The CBO takes on income inequality

at 09:44 AM ET, 10/26/2011

Several years ago, Senators Max Baucus and Charles Grassley asked the Congressional Budget Office to whip up an analysis of income inequality in America. It took awhile to piece together, but the report’s now out, and the picture’s quite stark. The incomes of the wealthiest 1 percent have nearly tripled since 1979. Everyone else? Not so much.

The chart on the right sets the scene. The after-tax incomes of the middle class (the 21st to 80th percentiles) have grown at about 1 percent per year since 1979, adjusting for inflation. The incomes of the wealthies 1 percent, meanwhile, have zoomed upward at a consderably faster pace.

Now, note that this graph only goes up to 2007. Evidence suggests that the wealthiest 1 percent took a sizeable hit after the financial crisis. Though, as this chart shows, the incomes of the top 1 percent typically plummet during recessions and financial crashes, only to rebound quickly in the years that follow.

The CBO has a range of theories for why the top 1 percent has done so disproprtionately well. Changes in technology could have increased the returns to “superstar” actors and musicians — cheap mass media means it’s easier for entertainers to reach a wider audience. Corporate executives, meanwhile, have seen large pay increases since 1979, possibly because firms have gotten bigger and more complex, and possibly because weak corporate governance structures have allowed them to overpay themselves. (The CBO prefers the first theory.) What’s more, for a variety of reasons, the U.S. financial sector has ballooned since 1979, increasing the returns for those working in it.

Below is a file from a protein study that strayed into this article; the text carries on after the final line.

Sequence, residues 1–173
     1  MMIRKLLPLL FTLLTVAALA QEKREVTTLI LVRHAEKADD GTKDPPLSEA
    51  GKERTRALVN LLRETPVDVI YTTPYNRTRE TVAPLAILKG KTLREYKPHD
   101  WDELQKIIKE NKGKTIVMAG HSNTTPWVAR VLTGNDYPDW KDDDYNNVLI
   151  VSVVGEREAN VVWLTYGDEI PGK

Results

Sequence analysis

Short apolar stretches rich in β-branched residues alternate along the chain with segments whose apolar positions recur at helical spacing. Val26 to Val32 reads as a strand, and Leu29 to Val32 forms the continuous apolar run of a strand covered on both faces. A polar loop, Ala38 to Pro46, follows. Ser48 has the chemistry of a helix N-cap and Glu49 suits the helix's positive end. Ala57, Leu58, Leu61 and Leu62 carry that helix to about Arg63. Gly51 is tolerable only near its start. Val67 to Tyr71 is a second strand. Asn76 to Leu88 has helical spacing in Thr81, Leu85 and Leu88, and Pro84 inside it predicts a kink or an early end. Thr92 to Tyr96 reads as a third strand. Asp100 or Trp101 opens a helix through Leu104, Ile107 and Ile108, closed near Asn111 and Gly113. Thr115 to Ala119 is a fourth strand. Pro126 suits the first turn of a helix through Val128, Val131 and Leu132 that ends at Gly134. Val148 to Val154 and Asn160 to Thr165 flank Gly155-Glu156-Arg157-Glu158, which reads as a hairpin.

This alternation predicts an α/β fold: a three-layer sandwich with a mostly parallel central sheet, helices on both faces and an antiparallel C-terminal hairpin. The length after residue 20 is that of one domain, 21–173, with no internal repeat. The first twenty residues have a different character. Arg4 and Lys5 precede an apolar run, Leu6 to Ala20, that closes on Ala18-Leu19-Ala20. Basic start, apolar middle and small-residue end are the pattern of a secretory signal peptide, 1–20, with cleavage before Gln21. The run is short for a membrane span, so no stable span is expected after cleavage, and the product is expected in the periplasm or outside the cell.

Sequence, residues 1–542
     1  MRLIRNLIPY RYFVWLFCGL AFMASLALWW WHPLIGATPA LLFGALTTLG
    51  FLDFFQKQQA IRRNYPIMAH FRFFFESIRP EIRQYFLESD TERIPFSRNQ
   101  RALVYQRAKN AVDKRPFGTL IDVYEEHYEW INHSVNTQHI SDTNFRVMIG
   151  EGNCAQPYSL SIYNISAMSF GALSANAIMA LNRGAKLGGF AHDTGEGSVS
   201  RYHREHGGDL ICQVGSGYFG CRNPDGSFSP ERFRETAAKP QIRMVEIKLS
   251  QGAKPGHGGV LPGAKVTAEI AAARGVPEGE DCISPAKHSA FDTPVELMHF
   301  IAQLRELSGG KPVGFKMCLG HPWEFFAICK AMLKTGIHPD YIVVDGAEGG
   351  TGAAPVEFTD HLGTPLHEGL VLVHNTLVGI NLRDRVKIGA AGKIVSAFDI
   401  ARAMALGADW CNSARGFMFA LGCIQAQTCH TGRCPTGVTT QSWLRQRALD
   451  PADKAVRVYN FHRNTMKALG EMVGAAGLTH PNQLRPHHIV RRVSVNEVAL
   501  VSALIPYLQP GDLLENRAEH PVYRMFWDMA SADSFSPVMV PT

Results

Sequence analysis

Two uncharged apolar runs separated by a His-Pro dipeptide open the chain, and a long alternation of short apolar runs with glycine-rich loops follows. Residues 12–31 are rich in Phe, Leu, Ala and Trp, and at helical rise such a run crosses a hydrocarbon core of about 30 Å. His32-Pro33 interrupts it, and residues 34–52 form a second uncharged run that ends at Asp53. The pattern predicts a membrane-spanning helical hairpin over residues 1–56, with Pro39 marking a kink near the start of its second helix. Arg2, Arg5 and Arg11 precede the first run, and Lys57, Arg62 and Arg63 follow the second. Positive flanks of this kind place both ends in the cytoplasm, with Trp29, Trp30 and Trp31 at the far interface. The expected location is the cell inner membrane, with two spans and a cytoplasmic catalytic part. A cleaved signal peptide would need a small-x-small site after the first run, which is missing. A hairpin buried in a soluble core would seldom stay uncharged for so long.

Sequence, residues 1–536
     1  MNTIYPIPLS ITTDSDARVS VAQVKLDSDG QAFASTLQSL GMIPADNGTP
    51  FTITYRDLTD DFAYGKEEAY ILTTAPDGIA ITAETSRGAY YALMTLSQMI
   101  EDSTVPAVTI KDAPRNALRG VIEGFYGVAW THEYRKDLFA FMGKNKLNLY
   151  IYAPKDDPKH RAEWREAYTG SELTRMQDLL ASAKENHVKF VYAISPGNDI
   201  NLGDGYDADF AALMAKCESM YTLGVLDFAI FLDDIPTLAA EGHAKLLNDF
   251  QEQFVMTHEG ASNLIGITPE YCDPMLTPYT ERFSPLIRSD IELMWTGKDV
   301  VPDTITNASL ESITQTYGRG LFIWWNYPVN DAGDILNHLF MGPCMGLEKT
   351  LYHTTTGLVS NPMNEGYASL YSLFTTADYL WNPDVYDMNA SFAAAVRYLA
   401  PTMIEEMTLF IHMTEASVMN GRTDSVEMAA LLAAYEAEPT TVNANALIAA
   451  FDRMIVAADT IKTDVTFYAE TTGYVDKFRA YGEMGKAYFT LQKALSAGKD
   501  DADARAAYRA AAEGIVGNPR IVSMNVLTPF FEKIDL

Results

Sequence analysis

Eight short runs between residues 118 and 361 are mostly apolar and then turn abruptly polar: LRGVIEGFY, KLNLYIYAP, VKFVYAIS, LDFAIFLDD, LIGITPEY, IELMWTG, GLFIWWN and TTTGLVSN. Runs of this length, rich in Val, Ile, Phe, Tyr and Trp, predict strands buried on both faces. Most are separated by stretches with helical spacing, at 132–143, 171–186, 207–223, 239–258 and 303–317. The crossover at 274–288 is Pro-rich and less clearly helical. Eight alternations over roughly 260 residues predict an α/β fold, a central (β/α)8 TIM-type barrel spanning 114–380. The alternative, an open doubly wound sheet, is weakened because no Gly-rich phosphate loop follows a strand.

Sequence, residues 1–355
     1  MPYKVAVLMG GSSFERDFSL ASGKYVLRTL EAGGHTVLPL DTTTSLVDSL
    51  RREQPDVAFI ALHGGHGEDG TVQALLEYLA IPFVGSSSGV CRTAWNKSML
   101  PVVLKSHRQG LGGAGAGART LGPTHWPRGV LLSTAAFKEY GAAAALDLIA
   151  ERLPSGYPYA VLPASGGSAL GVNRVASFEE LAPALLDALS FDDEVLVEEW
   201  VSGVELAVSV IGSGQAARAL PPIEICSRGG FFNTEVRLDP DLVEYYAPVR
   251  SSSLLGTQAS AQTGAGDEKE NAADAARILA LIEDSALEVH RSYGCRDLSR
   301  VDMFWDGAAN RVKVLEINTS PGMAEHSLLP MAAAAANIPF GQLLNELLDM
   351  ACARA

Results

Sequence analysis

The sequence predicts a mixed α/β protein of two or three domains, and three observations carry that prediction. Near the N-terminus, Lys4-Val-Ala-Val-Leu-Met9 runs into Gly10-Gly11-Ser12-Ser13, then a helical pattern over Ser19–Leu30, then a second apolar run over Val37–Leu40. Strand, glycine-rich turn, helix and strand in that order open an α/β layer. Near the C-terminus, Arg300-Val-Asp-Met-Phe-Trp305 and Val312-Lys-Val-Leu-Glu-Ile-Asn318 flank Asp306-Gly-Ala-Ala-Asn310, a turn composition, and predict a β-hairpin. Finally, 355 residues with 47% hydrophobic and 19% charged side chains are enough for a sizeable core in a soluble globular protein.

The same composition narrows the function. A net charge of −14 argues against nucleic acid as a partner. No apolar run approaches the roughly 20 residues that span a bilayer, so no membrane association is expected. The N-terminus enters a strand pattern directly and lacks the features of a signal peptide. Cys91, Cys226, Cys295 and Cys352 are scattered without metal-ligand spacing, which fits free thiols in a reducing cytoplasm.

Another big finding from the CBO report is that public policy has actually become less effective at curbing inequality over time. That’s what the graph shows. The U.S. tax code and transfers — programs like Social Security or Medicaid — do less now to mitigate pre-existing income inequality than they did in 1979.

The full CBO report has a lot of great information, and it’s really worth a browse. Kevin Drum highlights another set of charts showing that inequality in labor income hasn’t really changed much between 1979 and 2007. On the other hand, business income has become much, much more concentrated at the top, “probably,” Drum notes, “due to the growth of high incomes among privately owned professional firms (law, medicine, and finance).” Meanwhile, capital income — dividends, rental income — has become much more unequally distributed as well.

 
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